By Sandra Boller-Bilbrey, Scripps Health
The holidays are a time of celebration, filled with family get-togethers, social events and gift exchanges. For those recovering from alcohol problems, however, the season may make refusing alcohol and staying sober more challenging than usual.
In addition to the abundance of alcohol, people in recovery may feel more depressed or lonely during the holidays. Even if they are in a good place now, memories of past holidays spent drinking too much, fighting with family members or sitting alone in a dark room can come flooding back.
If you or someone you love is in recovery, the following tips can reduce the stress of the holidays and help you or your loved one stay strong and sober while still enjoying the season.
- Stay connected. Make going to 12-step meetings a priority, even when you are really busy and feel you don’t have time. Put meetings on your schedule and plan other activities around them.
- Acknowledge past mistakes and painful memories, and give yourself credit for moving forward. Again, staying connected with others who share similar experiences and are now sober can provide valuable support for everyone.
- Choose your activities wisely. You don’t have to attend every party or event you’re invited to. Everyone is busy during the holidays, and people will understand if you have another obligation or can only stop by for a short time.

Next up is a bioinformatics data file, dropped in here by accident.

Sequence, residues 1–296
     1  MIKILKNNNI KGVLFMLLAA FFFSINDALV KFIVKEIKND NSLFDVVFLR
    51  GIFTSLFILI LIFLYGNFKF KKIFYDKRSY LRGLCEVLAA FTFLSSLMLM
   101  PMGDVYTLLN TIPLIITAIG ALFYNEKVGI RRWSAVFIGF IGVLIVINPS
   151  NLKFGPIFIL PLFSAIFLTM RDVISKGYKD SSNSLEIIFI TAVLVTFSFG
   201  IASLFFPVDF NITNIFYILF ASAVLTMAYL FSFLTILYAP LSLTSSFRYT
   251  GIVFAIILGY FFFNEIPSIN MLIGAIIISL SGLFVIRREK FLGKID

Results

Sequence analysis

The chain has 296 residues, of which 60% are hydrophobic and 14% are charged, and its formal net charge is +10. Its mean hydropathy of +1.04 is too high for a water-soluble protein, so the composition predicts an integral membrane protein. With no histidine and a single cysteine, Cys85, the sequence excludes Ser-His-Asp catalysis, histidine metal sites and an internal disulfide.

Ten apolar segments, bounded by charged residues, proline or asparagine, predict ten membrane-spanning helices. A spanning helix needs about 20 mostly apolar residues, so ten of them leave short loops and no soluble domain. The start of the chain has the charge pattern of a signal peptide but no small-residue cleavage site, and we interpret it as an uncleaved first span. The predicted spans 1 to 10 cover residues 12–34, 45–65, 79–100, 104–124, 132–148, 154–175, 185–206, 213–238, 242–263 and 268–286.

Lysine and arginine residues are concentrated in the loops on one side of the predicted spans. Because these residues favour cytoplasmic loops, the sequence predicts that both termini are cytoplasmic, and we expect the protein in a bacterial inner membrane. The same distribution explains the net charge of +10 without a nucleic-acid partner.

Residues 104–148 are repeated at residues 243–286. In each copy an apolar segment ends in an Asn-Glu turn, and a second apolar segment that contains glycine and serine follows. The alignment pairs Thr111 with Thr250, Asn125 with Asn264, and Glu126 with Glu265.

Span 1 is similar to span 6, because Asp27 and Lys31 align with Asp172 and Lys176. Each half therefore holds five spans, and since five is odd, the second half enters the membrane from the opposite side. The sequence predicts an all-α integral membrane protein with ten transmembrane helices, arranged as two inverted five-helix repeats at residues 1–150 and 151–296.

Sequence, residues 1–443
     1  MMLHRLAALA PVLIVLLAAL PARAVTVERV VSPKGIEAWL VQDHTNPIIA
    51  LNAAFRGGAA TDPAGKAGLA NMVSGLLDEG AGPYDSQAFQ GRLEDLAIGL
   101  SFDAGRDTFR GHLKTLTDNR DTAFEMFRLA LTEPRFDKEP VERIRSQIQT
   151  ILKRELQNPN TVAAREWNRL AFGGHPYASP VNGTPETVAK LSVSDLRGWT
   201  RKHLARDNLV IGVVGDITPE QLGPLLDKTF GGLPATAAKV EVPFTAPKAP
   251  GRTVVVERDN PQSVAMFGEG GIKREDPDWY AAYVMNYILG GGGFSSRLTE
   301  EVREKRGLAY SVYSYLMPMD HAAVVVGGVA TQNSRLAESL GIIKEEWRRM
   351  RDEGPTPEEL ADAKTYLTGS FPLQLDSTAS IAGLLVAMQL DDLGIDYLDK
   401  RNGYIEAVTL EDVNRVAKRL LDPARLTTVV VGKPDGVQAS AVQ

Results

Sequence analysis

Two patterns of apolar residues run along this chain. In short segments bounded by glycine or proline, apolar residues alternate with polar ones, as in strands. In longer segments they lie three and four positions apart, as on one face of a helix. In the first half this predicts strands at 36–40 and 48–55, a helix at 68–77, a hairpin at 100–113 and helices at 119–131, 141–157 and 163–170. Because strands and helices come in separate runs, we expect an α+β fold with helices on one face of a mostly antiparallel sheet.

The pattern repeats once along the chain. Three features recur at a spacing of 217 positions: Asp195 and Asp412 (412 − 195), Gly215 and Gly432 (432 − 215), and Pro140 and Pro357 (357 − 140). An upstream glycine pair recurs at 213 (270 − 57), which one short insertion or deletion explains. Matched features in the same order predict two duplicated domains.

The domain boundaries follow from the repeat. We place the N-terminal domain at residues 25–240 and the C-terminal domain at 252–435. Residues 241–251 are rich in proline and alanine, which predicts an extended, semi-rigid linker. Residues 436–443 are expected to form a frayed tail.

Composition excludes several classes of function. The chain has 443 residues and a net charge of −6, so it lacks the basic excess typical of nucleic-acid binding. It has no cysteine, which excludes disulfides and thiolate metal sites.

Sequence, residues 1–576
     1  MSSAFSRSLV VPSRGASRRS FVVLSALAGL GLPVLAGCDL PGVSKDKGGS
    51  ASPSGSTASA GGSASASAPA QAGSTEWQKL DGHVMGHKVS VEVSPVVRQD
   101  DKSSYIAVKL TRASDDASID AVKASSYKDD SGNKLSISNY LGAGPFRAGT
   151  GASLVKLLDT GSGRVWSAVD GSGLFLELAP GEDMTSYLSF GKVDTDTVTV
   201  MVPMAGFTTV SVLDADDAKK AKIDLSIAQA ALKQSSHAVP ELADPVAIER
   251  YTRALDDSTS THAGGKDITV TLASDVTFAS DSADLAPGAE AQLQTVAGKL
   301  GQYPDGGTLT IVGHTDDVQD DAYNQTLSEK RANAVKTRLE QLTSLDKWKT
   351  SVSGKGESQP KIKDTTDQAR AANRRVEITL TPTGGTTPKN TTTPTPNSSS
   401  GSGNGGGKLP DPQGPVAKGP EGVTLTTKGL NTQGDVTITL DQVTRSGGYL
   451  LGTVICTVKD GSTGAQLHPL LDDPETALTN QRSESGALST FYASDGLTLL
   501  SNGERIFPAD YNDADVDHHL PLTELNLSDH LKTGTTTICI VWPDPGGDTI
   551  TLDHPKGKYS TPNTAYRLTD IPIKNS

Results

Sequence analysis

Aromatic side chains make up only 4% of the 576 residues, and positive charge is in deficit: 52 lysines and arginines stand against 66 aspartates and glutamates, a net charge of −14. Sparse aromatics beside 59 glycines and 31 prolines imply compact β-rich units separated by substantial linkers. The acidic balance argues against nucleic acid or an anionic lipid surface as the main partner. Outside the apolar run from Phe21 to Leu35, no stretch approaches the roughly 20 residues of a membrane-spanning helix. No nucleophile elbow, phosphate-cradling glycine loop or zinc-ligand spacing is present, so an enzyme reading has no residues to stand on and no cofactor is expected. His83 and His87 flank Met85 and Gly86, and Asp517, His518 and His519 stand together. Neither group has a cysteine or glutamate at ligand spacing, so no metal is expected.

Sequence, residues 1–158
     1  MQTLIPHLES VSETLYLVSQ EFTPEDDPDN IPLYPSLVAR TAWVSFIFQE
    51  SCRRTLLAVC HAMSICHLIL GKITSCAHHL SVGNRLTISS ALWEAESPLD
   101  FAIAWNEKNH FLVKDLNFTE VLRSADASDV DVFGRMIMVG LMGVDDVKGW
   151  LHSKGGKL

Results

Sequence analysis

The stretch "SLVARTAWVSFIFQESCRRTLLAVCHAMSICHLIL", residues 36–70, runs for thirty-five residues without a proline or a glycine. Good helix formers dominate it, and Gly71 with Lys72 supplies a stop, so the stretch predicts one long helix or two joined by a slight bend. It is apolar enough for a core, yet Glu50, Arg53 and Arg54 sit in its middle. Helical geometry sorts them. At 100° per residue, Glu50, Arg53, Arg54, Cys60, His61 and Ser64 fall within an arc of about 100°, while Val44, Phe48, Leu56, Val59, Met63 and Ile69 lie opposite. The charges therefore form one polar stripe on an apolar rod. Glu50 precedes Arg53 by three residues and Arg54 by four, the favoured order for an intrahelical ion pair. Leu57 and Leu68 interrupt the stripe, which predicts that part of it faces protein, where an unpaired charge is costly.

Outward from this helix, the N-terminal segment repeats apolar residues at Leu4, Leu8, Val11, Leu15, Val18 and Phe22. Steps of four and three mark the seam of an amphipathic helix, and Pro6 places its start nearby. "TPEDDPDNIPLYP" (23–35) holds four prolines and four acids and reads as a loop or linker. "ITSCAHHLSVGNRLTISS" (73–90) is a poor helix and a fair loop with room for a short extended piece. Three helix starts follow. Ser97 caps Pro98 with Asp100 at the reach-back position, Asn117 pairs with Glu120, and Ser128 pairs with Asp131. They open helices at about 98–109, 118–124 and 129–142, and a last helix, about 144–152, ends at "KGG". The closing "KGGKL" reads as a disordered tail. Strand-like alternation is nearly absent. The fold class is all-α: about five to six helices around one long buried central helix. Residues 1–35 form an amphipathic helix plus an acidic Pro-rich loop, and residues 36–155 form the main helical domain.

- Get involved. Volunteer for a community organization, tackle a project you’ve been putting off or offer to help a friend or family member for an afternoon. When your mind and body are active and engaged, you’re unlikely to think about drinking.
- Take care of yourself. Eat a healthy diet, exercise, and get plenty of sleep. When you feel good and are well-rested, you are more likely to stick to your resolve and make smarter decisions—which only makes you feel even better about yourself.
- If you’re going to an event where alcohol will be served, bring a friend or family member with you for support. He or she can keep your glass filled with non-alcoholic beverages, help you resist temptation and be your excuse if you need to leave suddenly.
- Be prepared. If you know the host of a party well enough, ask if there will be non-alcoholic beverages available, or simply bring your own. If you feel pressured to explain why you are not drinking alcohol, you can say that you have to drive, do some work, or need to wake up early in the morning. But really, you don’t have to justify your choice of beverage to anyone.
- Avoid even the smallest temptation. If there’s a toast, fill your glass with sparkling water or juice. You’ve worked too hard to get where you are – don’t risk it for a sip of champagne or wine.
- Plan celebrations with sober friends. Many 12-step groups have holiday events. Invite your fellow members over for dinner or a potluck.
- Be thankful — for your recovery, your support group, and everything else that has helped you get and stay sober. Let those who have helped you know how much you appreciate them. Remember, your recovery is one of the best gifts you can give your family.
Sandra Boller-Bilbrey is director, Scripps Drug and Alcohol Treatment Program. “To Your Health” is brought to you by the physicians and staff of Scripps. For more information or to make an appointment, please call 1-800-SCRIPPS.